Also for better collective protection, the NBC generators and systems were moved to the turret bustle. Some tests were performed with various coating and camouflage nets to reduce both thermal and radar signatures. For active protection, a modernized set of L8 smoke dischargers was also fitted, five per side. They could fire various Frag projectiles, smoke and infrared flares. The engine was also fitted with the injection system in the exhaust manifolds to create additional smoke.

The difference in the main gun makes the ammunition carried is not NATO standard, making it impossible for other countries to use.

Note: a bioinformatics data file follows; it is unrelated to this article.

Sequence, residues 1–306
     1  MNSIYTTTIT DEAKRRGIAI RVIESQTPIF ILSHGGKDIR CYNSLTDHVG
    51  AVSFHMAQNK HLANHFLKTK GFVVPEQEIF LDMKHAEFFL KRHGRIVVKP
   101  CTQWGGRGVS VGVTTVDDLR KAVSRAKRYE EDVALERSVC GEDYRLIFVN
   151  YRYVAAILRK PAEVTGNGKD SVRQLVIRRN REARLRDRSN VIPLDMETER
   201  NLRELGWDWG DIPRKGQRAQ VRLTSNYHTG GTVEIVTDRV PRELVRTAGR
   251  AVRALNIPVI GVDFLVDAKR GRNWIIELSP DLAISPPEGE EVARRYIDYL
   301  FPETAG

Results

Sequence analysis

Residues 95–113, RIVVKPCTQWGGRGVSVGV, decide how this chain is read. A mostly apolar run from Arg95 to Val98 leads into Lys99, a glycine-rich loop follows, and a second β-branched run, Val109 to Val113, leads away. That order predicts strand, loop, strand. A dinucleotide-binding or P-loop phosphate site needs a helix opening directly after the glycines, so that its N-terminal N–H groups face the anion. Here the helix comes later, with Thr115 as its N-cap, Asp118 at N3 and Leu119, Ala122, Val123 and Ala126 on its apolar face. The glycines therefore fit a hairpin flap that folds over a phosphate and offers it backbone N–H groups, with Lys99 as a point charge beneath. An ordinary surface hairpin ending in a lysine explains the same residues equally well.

The difference in the main gun makes the ammunition carried is not NATO standard, making it impossible for other countries to use.

Challenger 2 uses a 120mm L30A1 rifled gun, although it has the advantage of a high muzzle velocity, accurate firing but is prone to abrasion, harder to make than a smoothbore cannon. The turret is capable of rotating 360 degrees in 9 seconds. The L30A1 main gun is armed with a variety of ammunition, has proven effective in anti-conflict, anti-terrorism and peacekeeping missions. Secondary armament consisted of a 7.62mm L94A1 coaxial machine gun to the left of the turret with a rate of fire of more than 500 rounds per minute. A 7.62mm L37A2 machine gun above the turret, which can be controlled from inside the vehicle. In addition to being equipped with the platform battlefield information system application provided by Computing Devices of Canada, including a display for the commander, an inertial navigation system, Challenger 2 is also integrated with a range of electronic combat support systems, allowing crews to operate more efficiently.